Of course, one has to be able to determine which of the conductors 41, 42, 43 - - - 4n are actually touching the top surface of element 3 to be able to obtain a measure of the force in this manner. FIG. 1, shows a convenient method of determining which of the parallel conductors 41, 42, 43 - - - 4n is touching the element 3 under a given force. Element 3 or the conductive surface of element 3, as the case may be, in combination with parallel conductors 41, 42, 43 - - - 4n can be considered as an electrical switch having a plurality of contacts. The plurality of contacts being formed by the plurality of parallel conductors 41, 42, 43 - - - 4n. Thus, if the closing of each switch contact is monitored one can determine how many of the parallel conductors 41, 42, 43 - - - 4n are in contact with element 3 due to the application of a given force. This can be accomplished by coupling a signal source such as the signal source 15 to element 3 and by coupling parallel conductors 41, 42, 43 - - - 4n to a suitable individual conductor monitor such as the monitor 14 of FIG. 1.

Signal source 15 can be any suitable source, for example, a D.C. voltage. If a D.C. voltage is used for signal source 15, monitor 14 need merely be simple electronic circuitry that will sense the application of the D.C. voltage to each of the switch contacts, considering parallel conductors 41, 42, 43 - - - 4n as being the contacts of a multiple contact switch formed by these parallel conductors and element 3 as previously mentioned. Monitor 14 could include a meter that merely indicates which of the contacts are closed or monitor 14 could be coupled to well known processing electronic circuitry and a meter which would provide a direct read-out of the value of the force applied. The use of a D.C. voltage source as signal source 13 and a contact closing monitor for monitor 14 is given by way of example only. Other known signal sources and known monitoring electronics could be used as will be obvious to those skilled in the art. A significant fact, however, is that transducer 1 provides for a digital output of the force applied; and thus, any circuitry utilized would be digital circuitry. The fact that the transducer provides digital signals is of particular significance when the transducer is configured as a long cable.

FIG. 3 shows the transducer of this invention configured as a long cable. Except for the fact that transducer 21 of FIG. 3 is longer than transducer 1 of FIG. 1, the two transducers are identical in structure. Therefore, the like components in FIGS. 1 and 3 have like numerals. Thus transducer 21 comprises element 2 having the plurality of face conductors 41, 42, 43 - - - 4n imbedded in one surface, conductive element 3 located below element 2, irregular element 5, second irregular shaped element 6 all assembled as shown and covered by a protective sheath 7. Suitable electronic circuitry (not shown) such as shown in FIG. 1 with transducer 1 would be provided with transducer 21. Thus any force applied to transducer 21 and the magnitude of that force would be monitored. Since transducer 21 provides a digital indication of the force as described previously with reference to transducer 1 of FIG. 1, the output signals produced by transducer 21 are not subjected to any noise interference. In many prior art long cable force or pressure transducers, the signals provided in response to a force are analog signals. In such devices noise is also generated and this noise of course interferes with the signal.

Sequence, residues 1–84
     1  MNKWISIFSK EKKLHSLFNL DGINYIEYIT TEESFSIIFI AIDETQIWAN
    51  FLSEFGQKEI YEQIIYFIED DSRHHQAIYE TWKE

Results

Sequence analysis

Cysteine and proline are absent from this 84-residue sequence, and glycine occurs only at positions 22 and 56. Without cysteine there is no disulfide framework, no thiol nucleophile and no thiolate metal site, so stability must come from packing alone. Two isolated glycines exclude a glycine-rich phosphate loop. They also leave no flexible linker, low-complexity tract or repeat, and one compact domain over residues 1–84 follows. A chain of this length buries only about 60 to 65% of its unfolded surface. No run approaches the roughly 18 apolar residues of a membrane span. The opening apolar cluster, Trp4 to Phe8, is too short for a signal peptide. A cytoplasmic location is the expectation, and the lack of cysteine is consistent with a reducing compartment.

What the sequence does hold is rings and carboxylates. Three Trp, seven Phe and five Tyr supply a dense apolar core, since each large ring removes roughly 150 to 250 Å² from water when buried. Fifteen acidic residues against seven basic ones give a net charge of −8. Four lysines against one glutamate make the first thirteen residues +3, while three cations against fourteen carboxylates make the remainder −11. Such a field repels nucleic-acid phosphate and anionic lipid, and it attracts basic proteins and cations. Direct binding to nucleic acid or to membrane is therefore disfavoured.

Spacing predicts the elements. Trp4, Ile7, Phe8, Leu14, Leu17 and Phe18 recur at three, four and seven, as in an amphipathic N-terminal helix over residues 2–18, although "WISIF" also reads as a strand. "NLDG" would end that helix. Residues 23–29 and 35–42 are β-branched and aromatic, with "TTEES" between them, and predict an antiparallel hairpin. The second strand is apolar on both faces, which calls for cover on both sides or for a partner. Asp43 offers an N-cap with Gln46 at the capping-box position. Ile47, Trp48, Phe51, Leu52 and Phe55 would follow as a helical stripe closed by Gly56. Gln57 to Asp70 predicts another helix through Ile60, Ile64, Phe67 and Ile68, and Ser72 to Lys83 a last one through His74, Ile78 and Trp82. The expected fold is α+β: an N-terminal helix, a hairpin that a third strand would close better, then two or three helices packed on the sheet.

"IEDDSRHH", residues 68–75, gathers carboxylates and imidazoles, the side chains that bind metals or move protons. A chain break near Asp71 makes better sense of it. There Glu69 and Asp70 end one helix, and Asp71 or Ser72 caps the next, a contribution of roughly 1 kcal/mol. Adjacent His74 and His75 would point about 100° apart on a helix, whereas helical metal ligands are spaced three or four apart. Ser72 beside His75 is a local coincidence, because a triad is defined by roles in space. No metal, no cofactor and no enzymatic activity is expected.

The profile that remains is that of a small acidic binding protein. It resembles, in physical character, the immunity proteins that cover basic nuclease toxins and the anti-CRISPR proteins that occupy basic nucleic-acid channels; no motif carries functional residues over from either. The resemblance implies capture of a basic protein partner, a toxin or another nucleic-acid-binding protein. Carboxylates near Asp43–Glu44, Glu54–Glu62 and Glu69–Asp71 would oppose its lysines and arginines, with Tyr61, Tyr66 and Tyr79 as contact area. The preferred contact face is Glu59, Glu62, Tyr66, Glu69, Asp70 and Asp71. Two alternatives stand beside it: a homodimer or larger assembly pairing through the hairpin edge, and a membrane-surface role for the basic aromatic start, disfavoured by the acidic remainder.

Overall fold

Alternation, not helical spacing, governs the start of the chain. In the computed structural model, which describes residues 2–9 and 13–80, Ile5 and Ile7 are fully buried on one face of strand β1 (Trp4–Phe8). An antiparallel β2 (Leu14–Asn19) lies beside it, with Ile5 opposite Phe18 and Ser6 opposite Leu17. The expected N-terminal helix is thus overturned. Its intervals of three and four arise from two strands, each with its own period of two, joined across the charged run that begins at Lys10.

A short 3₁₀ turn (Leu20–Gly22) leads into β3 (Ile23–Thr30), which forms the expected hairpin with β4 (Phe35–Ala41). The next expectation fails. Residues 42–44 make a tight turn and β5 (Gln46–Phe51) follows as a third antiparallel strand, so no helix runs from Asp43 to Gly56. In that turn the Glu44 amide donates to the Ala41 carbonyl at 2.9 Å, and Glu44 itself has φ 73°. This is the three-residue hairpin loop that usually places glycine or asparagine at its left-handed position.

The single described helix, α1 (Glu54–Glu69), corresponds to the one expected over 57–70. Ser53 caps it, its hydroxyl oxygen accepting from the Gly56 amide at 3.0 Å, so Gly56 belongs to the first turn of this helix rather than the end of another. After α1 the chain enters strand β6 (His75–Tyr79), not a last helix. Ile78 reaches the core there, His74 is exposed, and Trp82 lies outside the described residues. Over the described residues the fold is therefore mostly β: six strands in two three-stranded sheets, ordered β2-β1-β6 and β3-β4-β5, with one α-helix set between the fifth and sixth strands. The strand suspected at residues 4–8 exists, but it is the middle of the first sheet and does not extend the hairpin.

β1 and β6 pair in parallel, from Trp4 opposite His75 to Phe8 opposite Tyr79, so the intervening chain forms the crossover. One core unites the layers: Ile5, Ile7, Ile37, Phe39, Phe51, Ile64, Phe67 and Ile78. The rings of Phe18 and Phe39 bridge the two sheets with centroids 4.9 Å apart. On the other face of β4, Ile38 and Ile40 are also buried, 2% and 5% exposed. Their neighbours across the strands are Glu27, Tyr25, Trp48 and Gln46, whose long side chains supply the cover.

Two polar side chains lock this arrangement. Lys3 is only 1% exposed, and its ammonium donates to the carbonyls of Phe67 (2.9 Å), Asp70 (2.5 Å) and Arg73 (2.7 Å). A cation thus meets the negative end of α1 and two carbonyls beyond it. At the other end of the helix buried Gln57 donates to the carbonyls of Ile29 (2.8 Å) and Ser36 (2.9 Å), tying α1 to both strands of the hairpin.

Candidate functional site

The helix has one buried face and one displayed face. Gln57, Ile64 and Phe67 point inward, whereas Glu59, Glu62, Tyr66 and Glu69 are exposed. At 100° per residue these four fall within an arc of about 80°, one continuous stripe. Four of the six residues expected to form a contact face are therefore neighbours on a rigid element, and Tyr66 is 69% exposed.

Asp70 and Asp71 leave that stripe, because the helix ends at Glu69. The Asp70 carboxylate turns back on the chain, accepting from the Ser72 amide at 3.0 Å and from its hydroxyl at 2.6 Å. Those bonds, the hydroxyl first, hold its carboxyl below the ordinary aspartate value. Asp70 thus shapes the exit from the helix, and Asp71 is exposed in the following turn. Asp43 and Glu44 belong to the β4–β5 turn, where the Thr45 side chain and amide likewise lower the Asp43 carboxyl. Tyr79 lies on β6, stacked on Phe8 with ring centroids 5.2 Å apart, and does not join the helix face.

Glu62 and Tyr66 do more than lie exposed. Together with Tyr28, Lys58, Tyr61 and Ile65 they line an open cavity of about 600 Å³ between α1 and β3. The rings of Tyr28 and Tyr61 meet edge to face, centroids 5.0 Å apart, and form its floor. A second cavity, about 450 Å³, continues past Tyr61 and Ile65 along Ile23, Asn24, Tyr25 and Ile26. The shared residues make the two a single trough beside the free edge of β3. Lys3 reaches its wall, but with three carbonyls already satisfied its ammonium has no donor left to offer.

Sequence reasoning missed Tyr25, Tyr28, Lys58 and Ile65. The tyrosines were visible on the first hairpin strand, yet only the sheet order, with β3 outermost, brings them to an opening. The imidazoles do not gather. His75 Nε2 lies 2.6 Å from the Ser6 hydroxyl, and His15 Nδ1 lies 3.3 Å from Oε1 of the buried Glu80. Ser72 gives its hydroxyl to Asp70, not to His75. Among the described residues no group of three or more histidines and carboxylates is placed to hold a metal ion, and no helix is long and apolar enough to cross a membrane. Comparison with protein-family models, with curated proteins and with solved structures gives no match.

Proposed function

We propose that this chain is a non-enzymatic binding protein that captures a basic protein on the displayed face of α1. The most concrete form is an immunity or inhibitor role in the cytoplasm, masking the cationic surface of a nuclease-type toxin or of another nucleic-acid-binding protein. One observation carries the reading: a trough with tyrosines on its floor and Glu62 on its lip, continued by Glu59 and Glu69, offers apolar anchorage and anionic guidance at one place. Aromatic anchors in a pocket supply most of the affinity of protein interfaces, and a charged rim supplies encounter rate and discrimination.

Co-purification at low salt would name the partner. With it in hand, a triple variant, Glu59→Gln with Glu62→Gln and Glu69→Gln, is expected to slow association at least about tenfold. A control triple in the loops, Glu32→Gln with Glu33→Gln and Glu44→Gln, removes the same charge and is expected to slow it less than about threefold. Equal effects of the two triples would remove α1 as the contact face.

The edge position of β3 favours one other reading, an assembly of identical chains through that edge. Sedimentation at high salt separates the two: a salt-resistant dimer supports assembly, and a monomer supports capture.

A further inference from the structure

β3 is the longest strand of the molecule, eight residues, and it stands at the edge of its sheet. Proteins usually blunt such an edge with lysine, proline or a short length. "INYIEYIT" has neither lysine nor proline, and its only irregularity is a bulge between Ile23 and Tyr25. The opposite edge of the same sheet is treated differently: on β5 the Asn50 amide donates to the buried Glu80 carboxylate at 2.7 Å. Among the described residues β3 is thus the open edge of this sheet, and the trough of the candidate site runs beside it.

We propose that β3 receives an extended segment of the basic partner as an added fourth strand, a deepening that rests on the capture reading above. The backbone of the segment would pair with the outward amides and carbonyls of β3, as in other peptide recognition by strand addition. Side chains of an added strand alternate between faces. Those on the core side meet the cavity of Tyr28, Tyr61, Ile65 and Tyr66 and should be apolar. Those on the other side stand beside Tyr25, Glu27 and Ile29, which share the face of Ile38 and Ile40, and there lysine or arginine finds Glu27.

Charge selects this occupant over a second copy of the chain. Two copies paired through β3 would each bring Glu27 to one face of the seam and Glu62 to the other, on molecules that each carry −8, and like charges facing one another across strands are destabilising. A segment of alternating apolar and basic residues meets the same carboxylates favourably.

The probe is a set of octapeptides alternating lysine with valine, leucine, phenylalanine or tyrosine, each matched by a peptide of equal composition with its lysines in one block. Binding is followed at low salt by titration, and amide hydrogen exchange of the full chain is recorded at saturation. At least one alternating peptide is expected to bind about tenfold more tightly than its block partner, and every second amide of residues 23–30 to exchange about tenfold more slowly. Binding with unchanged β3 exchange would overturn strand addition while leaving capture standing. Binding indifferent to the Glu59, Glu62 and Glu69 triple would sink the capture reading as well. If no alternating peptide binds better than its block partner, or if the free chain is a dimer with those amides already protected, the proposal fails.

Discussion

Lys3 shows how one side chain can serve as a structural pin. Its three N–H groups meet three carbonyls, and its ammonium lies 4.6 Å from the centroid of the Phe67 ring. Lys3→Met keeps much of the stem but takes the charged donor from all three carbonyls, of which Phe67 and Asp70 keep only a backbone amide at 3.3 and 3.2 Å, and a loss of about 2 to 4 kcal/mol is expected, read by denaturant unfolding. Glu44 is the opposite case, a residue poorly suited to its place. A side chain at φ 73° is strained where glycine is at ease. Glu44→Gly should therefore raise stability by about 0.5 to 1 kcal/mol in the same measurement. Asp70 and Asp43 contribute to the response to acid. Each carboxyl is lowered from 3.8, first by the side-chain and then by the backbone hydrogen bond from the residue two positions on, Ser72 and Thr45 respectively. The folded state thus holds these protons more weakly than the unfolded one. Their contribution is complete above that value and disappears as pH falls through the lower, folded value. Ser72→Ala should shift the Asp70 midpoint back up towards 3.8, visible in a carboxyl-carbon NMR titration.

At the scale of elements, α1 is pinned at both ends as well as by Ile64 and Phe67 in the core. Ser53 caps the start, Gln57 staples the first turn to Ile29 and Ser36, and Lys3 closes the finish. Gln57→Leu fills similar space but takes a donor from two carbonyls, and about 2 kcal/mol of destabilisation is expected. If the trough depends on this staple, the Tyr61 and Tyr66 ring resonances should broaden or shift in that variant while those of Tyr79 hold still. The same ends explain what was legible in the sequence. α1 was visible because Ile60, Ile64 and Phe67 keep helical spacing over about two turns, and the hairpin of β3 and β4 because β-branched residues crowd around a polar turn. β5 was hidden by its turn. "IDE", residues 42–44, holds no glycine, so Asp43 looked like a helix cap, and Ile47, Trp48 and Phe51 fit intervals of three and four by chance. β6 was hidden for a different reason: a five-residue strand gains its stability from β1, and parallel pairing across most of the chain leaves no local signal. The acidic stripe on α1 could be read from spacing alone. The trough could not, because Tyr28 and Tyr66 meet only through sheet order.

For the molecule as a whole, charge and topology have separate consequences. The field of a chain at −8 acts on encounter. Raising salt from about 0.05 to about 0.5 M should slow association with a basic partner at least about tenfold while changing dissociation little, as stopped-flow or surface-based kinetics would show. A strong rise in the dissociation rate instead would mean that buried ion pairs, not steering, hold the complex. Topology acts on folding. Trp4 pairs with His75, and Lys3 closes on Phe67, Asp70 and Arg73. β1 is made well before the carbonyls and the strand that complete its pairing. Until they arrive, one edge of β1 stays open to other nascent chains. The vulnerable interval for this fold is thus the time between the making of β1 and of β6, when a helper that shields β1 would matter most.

In addition to providing a measure of any force applied at some point along transducer 21, the point at which the force is applied can also be determined. Thus, transducer 21 not only provides a measure of a force but also the location of this force along the transducer cable. The fact that the location of the force can be determined is illustrated by FIG. 4. In FIG. 4, conductor 41 is shown as a resistance, and transducer 21 is shown as having a length L. If contact 41 is closed at the point 30 by a force applied to the transducer cable 21 at this point as illustrated by the dotted line at this point (that is conductor 41 is brought into contact with element 3), the distance "l" of point 30 along the cable can be determined as follows: ##EQU1## where

L = total length of transducer 21

R4 .sbsb.1 = known total resistance of 41

R3 = known total resistance of element 3; and

R = resistance measured between 41 and 3 when conductor 41 is in contact with element 3. Of course, in order to calculate the distance "l", appropriate metering to measure the resistance between conductor 41 and element 3 when conductor 41 is brought into contact with element 3 is required. Such metering devices are, of course, well known in the art and in a given application could be coupled across conductor 41 and element 3 as part of the electronic circuitry. This metering would be associated conductor 41 rather than one of the other conductors since this conductor may be the only conductor brought into contact with element 3 depending upon the magnitude of the applied force and will always be brought into contact with element 3 if any of the other conductors are brought into contact with element 3.

While the invention has been described with reference to a specific embodiment configured as a short segment and as a long cable, it will be obvious to those skilled in the art that various changes and modifications can be made to both the short segment and long cable configurations without departing from the spirit and scope of the invention as set forth in the claims.

Patent Citations
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US2586544 *May 28, 1947Feb 19, 1952Fkg Fritz Kesselring GeratebauVariable impedance device
US3610699 *Dec 16, 1968Oct 5, 1971Ladoniczki ClaraBrake control means and systems for drawn vehicles effecting synchronous coaction with the braking system of an associated draft vehicle
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Referenced by
Citing PatentFiling datePublication dateApplicantTitle
US4444998 *Oct 27, 1981Apr 24, 1984Spectra-Symbol CorporationTouch controlled membrane for multi axis voltage selection
US4494105 *Mar 26, 1982Jan 15, 1985Spectra-Symbol CorporationTouch-controlled circuit apparatus for voltage selection
US4756076 *Oct 22, 1986Jul 12, 1988Tokheim ComporationMethod for making a resistive level sensor
US8289194 *Aug 7, 2009Oct 16, 2012Hon Hai Precision Industry Co., Ltd.Key assembly and electronic device using same
US20100265108 *Aug 7, 2009Oct 21, 2010Hon Hai Precision Industry Co., Ltd.Key assembly and electronic device using same
Classifications
U.S. Classification338/96, 200/85.00R, 338/114
International ClassificationG01L1/20, G01L9/00
Cooperative ClassificationG01L9/0002, G01L1/205
European ClassificationG01L1/20B, G01L9/00A2